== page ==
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Is SDG&E’s Prorating Method Fair?

The amount owed on your latest SDG&E bill may have been arrived at with the help of a little proration that cost you some extra money.

SDG&E split my billing cycle of 33 days into one period of 26 days and one period of 7 days and charged different electrical usage rates for each, due to an approved rate change. But, they did this without knowing exactly how much electricity I used in either portion of the month because I do not have a “Smart Meter” installed!

A senior billing person at SDG&E agreed with me that the company had only read my meter at the beginning and at the end of the month, not at the beginning — at the end of the first rate change and then at the end of the month — which would have resulted in them knowing exactly how much electricity I used in each "period.”

So, for all their 700,000 customers without new Smart Meters, they used something called "proration of consumption" (POC) in each period and charged you the "extra" amount — even though they had no way of knowing how much electricity was used because they did not read the meter at the end of each period. (Had you been traveling away from home during the rate change and used almost no electricity, the calculation on the estimated portion of your bill would have been based on the electricity used before the rate change, when you were home).

Instead of changing rates at the start of the next billing cycle, the California Public Utilities Commission allows SDG&E to use POC to implement the rate increase, which is good for SDG&E but does not seem fair. Depending on your usage and/or if the number of prorated days are larger, your POC calculation is variable.

Depending upon where “Smart Meter-less” folks fell in the 21 different SDG&E "billing cycles," their POC would be — for a few customers — lower (folks that had less than 7 of 33 days of rate increase) and for the rest much higher (folks that had more than 7 of 33 days of rate increase, [i.e., 29 of 33 days of rate increase]).

On my bill, I got charged $2 more, and that was because I only had 198 kWh of Tier 3 usage billed at the higher amount during 7 of 33 days. As an example, there are now about 700,000 SDG&E customers who do not yet have Smart Meters installed; at an estimated "POC" of $2 each, that's $1,400,000 SDG&E made.

Here is who to contact for more information: SDG&E: (800) 411-7343; California Public Utilities Commission: (866) 849-8390, and here’s a link to lodge CPUC complaints.

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The amount owed on your latest SDG&E bill may have been arrived at with the help of a little proration that cost you some extra money.

SDG&E split my billing cycle of 33 days into one period of 26 days and one period of 7 days and charged different electrical usage rates for each, due to an approved rate change. But, they did this without knowing exactly how much electricity I used in either portion of the month because I do not have a “Smart Meter” installed!

A senior billing person at SDG&E agreed with me that the company had only read my meter at the beginning and at the end of the month, not at the beginning — at the end of the first rate change and then at the end of the month — which would have resulted in them knowing exactly how much electricity I used in each "period.”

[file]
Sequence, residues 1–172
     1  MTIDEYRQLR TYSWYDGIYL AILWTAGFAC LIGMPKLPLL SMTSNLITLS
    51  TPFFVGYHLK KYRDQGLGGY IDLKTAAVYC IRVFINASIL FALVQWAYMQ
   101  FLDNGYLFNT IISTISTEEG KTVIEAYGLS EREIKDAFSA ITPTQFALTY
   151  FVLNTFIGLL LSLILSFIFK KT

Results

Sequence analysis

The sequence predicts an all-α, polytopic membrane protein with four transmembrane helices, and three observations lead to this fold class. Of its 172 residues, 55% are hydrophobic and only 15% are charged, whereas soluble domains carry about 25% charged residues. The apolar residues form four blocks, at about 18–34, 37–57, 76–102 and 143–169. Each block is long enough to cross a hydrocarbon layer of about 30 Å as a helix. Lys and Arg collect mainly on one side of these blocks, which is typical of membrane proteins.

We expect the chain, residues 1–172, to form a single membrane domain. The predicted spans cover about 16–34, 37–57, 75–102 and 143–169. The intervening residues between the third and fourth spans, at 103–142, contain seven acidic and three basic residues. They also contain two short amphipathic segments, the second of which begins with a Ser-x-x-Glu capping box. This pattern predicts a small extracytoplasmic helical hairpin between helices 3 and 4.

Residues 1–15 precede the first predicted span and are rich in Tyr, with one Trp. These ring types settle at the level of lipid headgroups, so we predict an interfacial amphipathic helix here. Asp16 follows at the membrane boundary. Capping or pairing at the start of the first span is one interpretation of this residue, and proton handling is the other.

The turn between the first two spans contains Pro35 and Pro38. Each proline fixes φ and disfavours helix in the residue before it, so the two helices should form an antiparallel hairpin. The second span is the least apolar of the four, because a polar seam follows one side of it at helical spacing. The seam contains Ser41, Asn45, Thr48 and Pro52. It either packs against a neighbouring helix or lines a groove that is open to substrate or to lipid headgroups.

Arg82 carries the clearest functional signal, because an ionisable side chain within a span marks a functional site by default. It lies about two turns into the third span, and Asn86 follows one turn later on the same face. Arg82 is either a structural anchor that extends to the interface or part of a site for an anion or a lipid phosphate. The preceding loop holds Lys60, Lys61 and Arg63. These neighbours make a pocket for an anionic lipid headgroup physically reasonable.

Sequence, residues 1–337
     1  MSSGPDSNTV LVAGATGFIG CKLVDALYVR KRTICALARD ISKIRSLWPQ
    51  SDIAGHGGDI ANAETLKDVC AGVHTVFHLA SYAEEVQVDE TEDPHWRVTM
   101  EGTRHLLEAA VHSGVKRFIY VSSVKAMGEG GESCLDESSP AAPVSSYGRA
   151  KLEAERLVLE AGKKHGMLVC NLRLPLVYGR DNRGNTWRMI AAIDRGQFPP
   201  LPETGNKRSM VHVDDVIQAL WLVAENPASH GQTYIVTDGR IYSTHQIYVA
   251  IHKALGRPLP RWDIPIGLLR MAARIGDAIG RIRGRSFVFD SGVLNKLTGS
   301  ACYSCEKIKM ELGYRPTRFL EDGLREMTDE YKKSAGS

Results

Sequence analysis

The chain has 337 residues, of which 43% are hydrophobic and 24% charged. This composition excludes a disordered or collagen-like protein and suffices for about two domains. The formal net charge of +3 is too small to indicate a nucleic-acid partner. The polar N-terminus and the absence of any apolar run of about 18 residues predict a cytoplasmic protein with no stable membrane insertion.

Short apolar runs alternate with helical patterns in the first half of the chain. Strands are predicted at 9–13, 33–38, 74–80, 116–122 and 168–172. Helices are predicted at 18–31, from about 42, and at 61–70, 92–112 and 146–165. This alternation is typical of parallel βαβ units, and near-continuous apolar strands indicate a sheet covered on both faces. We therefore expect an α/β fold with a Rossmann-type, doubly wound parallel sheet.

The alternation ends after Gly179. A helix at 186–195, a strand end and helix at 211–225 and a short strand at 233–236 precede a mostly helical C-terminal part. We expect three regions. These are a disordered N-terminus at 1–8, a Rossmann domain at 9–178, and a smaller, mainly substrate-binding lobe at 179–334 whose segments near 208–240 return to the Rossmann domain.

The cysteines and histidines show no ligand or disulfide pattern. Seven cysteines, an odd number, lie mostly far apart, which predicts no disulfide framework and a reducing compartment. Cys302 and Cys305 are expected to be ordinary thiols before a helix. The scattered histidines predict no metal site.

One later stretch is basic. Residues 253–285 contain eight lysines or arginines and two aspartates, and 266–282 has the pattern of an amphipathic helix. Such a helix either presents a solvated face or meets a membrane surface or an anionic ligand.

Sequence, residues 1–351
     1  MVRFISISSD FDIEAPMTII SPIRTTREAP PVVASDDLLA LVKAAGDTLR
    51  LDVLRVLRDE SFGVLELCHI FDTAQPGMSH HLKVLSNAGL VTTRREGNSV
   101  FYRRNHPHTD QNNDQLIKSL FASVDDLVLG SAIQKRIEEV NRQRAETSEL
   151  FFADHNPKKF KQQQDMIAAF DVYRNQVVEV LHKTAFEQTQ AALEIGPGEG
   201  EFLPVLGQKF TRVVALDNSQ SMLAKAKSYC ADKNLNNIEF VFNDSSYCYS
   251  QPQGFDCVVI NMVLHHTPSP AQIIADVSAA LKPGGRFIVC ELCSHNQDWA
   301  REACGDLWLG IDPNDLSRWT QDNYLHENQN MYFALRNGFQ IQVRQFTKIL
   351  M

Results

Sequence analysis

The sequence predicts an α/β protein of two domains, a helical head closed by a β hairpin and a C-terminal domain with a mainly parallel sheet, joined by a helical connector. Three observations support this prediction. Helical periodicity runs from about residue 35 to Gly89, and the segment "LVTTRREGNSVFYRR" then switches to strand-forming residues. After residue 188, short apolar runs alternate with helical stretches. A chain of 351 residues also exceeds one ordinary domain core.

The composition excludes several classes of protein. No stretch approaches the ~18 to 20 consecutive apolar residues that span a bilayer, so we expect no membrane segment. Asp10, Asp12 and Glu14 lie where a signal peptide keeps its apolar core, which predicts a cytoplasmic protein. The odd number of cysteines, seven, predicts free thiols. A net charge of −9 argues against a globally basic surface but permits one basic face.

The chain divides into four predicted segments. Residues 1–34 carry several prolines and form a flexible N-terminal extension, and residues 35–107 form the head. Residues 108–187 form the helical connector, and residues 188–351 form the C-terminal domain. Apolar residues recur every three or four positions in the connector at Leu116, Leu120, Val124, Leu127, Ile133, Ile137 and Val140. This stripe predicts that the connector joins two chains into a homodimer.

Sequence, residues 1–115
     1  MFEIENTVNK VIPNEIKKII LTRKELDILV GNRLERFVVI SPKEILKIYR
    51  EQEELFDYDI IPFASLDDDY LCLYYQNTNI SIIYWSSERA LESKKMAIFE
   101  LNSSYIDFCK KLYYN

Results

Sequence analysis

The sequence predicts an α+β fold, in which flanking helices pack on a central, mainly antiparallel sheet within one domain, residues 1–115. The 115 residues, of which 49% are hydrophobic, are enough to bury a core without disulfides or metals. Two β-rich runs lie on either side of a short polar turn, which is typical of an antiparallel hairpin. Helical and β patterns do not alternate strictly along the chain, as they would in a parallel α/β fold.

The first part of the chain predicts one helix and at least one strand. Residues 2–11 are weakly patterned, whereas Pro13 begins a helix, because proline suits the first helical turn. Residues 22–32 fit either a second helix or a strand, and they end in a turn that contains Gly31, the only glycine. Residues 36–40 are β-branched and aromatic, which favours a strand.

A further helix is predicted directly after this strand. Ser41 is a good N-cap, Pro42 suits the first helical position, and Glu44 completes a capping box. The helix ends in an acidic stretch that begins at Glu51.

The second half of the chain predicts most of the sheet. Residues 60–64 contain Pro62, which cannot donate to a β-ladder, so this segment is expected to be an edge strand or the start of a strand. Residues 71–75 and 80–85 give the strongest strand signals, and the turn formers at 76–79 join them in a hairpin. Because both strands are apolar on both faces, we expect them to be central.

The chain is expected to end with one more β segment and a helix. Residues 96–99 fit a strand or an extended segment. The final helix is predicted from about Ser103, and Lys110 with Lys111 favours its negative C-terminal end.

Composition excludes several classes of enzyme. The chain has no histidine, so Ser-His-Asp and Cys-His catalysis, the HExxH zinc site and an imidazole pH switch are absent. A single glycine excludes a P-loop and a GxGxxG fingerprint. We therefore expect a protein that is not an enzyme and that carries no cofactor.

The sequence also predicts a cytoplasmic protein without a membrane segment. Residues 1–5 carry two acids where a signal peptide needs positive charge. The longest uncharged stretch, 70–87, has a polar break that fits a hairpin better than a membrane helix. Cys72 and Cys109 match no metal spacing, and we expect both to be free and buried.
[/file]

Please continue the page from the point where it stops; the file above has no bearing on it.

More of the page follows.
So, for all their 700,000 customers without new Smart Meters, they used something called "proration of consumption" (POC) in each period and charged you the "extra" amount — even though they had no way of knowing how much electricity was used because they did not read the meter at the end of each period. (Had you been traveling away from home during the rate change and used almost no electricity, the calculation on the estimated portion of your bill would have been based on the electricity used before the rate change, when you were home).

Instead of changing rates at the start of the next billing cycle, the California Public Utilities Commission allows SDG&E to use POC to implement the rate increase, which is good for SDG&E but does not seem fair. Depending on your usage and/or if the number of prorated days are larger, your POC calculation is variable.

Depending upon where “Smart Meter-less” folks fell in the 21 different SDG&E "billing cycles," their POC would be — for a few customers — lower (folks that had less than 7 of 33 days of rate increase) and for the rest much higher (folks that had more than 7 of 33 days of rate increase, [i.e., 29 of 33 days of rate increase]).

On my bill, I got charged $2 more, and that was because I only had 198 kWh of Tier 3 usage billed at the higher amount during 7 of 33 days. As an example, there are now about 700,000 SDG&E customers who do not yet have Smart Meters installed; at an estimated "POC" of $2 each, that's $1,400,000 SDG&E made.

Here is who to contact for more information: SDG&E: (800) 411-7343; California Public Utilities Commission: (866) 849-8390, and here’s a link to lodge CPUC complaints.

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Comments
2

Thanks for the heads up on the bill. It would make too much sense to start the new rate at the beginning of a bill cycle. That's some nice pocket change made by SDG&E. Is this the stuff of a class action?

Sept. 25, 2010

Reply #2

Let's hope so for all the rate payers that lost a "little extra" money!

We should also replace the CPUC "OVER$IGHT" BOARD with some new folks chosen like Jurors are, randomly!

Sept. 25, 2010

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